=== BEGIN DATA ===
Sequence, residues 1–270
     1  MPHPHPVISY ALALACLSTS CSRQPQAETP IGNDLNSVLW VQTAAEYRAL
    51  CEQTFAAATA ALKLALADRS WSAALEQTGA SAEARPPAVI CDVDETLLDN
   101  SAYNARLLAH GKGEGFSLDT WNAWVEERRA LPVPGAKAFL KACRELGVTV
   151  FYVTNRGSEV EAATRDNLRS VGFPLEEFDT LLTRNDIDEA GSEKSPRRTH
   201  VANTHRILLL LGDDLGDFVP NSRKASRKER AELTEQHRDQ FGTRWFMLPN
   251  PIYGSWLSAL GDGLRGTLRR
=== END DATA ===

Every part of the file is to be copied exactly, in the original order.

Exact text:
Sequence, residues 1–270
     1  MPHPHPVISY ALALACLSTS CSRQPQAETP IGNDLNSVLW VQTAAEYRAL
    51  CEQTFAAATA ALKLALADRS WSAALEQTGA SAEARPPAVI CDVDETLLDN
   101  SAYNARLLAH GKGEGFSLDT WNAWVEERRA LPVPGAKAFL KACRELGVTV
   151  FYVTNRGSEV EAATRDNLRS VGFPLEEFDT LLTRNDIDEA GSEKSPRRTH
   201  VANTHRILLL LGDDLGDFVP NSRKASRKER AELTEQHRDQ FGTRWFMLPN
   251  PIYGSWLSAL GDGLRGTLRR